The Chapter Wherein I Cross A River And Recover My Thanks Giving

Yesterday marked South Korea's Chuseok Holiday (akin to America's Thanksgiving albeit with decidedly less football and more rice cake). In celebration, the children came to school on Friday dressed to the nines in their jewel colored hanbok. I wanted to eat them. In a good way.










Teachers were also given lavish gifts to prepare us for the impoverished war torn winter months to come:


The 9 cans of SPAM even came with their own carrying case!

Many families make a great weekend exodus--north,south,east,west--to spend the holiday with the older generations: grandmas and grandpas, great aunts and great uncles. They pray, they bow, they eat, they watch Korean TV dramas. All the makings for a lovely celebration, I'd say.

In honor of Chuseok, I decided to stay put in Seoul and spend some time walking--across rivers and up mountains (as it's usually these kinds of places that compel me to remember/recover my sense of gratitude). On Friday night I took a two hour stroll along the Tancheon River that runs near my apartment. I love this river namely because it offers up gifts like cranes and big glossy fish that jump out of the water at dinner time and stone walkways every quarter of a mile that take you from one side of the river to the other.

As I began my walk, I noticed an old man and his daughter moving towards me. They had parallel appearances--both wearing long bodies and narrow faces. The man was crippled and walked with a severe limp, his right foot flopping out and in as if it were trying to escape his leg only to be reeled back with each step. They moved painfully slow--the father grasping onto his daughter for balance and the daughter holding him while simultaneously pushing his wheelchair. Traversing the smallest distance took a tremendous amount of effort for both of them. As we moved in closer, the woman looked up at me. For three seconds we looked at each other; in that brief moment I felt the kindness, the necessity, the generational pull of this daughter's charity towards her father. And when she smiled it felt like an invitation--as if she were welcoming me--a stranger--into this intimate space of unconditional love between her and her father. I felt overwhelmed. They passed, and I stood behind the staircase and cried.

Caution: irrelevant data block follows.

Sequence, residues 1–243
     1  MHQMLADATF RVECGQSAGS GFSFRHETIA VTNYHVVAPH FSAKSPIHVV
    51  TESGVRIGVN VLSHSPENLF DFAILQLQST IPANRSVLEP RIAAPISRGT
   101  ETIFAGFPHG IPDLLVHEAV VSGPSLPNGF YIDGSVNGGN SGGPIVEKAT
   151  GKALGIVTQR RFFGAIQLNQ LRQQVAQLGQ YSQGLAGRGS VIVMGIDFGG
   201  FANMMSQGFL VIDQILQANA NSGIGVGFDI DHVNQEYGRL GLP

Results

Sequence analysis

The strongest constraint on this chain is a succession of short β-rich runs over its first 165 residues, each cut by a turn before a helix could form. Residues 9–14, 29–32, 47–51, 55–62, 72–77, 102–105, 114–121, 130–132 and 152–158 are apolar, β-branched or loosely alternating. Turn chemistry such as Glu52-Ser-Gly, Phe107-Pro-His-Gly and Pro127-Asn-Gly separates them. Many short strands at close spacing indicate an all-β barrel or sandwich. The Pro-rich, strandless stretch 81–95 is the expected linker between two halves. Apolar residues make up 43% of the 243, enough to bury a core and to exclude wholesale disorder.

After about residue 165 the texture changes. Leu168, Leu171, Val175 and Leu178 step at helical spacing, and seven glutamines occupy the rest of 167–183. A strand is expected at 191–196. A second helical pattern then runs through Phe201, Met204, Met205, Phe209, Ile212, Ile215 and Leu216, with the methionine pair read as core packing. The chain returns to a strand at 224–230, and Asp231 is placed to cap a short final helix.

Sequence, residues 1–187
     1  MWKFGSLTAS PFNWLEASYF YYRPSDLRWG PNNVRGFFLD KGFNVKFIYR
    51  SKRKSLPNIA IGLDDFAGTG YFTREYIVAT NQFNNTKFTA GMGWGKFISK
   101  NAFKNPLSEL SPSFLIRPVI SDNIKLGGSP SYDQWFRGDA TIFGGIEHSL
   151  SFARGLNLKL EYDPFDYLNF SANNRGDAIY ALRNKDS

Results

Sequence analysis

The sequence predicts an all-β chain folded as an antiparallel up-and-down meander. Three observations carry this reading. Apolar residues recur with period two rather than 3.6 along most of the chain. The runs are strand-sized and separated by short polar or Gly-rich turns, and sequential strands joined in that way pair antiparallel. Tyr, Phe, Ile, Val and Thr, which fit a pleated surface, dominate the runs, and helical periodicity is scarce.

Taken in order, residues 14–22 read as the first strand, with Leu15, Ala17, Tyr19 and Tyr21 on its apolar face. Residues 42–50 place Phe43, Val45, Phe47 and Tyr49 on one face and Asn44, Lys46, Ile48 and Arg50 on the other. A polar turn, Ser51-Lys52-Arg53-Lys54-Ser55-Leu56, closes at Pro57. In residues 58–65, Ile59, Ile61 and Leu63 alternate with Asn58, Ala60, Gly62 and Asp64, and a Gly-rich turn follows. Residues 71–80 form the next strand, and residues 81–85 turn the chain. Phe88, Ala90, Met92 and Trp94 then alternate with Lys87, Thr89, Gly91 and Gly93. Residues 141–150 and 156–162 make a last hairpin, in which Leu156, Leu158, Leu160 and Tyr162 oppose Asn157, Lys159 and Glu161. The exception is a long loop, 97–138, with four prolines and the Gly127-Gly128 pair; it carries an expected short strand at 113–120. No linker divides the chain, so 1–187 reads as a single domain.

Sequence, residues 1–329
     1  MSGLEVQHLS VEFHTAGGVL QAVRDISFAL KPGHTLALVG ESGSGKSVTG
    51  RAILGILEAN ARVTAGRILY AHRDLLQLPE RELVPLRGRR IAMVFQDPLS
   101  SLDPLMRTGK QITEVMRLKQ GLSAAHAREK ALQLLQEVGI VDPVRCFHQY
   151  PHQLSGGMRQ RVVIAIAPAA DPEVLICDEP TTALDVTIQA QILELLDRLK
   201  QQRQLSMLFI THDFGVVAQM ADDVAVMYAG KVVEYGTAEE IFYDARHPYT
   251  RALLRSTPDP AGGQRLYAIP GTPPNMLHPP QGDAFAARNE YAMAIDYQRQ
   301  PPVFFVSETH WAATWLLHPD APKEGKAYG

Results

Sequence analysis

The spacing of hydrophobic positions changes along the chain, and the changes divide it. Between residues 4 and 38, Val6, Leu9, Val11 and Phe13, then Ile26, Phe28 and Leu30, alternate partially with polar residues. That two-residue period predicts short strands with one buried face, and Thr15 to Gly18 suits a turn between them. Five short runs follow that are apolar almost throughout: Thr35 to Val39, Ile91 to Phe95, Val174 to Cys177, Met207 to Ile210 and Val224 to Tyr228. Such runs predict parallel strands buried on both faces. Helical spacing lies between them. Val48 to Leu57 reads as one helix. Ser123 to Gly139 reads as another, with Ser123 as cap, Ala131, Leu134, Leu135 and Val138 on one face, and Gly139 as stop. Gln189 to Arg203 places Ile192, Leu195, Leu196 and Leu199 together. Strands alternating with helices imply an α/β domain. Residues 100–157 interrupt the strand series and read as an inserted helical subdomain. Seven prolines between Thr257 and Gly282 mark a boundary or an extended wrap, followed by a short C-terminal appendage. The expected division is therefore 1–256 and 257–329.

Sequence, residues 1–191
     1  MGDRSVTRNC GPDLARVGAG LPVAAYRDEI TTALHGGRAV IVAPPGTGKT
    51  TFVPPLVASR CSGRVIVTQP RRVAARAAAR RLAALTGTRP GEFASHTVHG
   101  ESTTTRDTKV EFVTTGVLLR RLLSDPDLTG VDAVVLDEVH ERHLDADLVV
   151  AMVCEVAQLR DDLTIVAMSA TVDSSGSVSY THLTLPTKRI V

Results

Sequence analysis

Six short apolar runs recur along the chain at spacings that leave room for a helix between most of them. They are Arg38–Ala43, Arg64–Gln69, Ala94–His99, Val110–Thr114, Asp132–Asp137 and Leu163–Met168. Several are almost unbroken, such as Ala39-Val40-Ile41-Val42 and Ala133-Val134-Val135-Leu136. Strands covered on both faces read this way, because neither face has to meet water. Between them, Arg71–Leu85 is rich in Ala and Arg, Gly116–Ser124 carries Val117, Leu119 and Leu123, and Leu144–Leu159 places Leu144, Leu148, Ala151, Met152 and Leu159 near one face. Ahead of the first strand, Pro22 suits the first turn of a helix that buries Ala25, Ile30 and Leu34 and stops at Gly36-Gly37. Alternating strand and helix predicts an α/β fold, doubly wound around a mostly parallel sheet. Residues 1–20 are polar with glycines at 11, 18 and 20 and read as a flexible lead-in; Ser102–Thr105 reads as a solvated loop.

An hour later, I parked myself on one of the walkway stones in the middle of the Tancheon and sat with, wrote about, and sorted through that experience. Why did I have such a strong emotional reaction? I finally came to the conclusion that witnessing that woman's act of charity (both to her father and me) revealed something about gratitude that I needed to recover--that to be grateful is to move slowly through your walking/waking life, to invite someone into your selfless moments, to allow your heart to leap and weep, to remember that it only takes life 3 seconds to remind you of her boundless generosity. This discovery felt good, and so I stood up from my rock, crossed the river and breathed out a hallelujah! for the restoration of my thanks giving.

Sitting on the walkway this summer